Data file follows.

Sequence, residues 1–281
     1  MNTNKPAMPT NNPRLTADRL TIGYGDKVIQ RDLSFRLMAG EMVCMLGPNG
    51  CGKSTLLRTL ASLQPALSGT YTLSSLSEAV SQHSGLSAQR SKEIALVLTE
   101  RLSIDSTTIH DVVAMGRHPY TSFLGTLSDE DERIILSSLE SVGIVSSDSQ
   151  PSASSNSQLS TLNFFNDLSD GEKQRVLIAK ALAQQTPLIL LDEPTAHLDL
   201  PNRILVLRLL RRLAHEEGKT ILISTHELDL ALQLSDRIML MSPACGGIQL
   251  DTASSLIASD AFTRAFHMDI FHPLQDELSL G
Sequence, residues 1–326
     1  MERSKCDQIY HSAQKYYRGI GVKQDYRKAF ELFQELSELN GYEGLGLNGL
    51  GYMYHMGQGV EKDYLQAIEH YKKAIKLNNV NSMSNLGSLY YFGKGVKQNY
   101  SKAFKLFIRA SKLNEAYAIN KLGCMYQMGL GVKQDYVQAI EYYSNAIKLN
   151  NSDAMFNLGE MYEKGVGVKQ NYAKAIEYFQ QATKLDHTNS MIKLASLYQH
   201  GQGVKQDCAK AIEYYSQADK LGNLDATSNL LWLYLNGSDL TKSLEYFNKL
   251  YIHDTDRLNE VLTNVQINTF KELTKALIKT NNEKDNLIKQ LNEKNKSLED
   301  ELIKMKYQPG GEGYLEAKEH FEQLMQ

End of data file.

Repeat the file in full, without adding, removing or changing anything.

Sequence, residues 1–281
     1  MNTNKPAMPT NNPRLTADRL TIGYGDKVIQ RDLSFRLMAG EMVCMLGPNG
    51  CGKSTLLRTL ASLQPALSGT YTLSSLSEAV SQHSGLSAQR SKEIALVLTE
   101  RLSIDSTTIH DVVAMGRHPY TSFLGTLSDE DERIILSSLE SVGIVSSDSQ
   151  PSASSNSQLS TLNFFNDLSD GEKQRVLIAK ALAQQTPLIL LDEPTAHLDL
   201  PNRILVLRLL RRLAHEEGKT ILISTHELDL ALQLSDRIML MSPACGGIQL
   251  DTASSLIASD AFTRAFHMDI FHPLQDELSL G
Sequence, residues 1–326
     1  MERSKCDQIY HSAQKYYRGI GVKQDYRKAF ELFQELSELN GYEGLGLNGL
    51  GYMYHMGQGV EKDYLQAIEH YKKAIKLNNV NSMSNLGSLY YFGKGVKQNY
   101  SKAFKLFIRA SKLNEAYAIN KLGCMYQMGL GVKQDYVQAI EYYSNAIKLN
   151  NSDAMFNLGE MYEKGVGVKQ NYAKAIEYFQ QATKLDHTNS MIKLASLYQH
   201  GQGVKQDCAK AIEYYSQADK LGNLDATSNL LWLYLNGSDL TKSLEYFNKL
   251  YIHDTDRLNE VLTNVQINTF KELTKALIKT NNEKDNLIKQ LNEKNKSLED
   301  ELIKMKYQPG GEGYLEAKEH FEQLMQ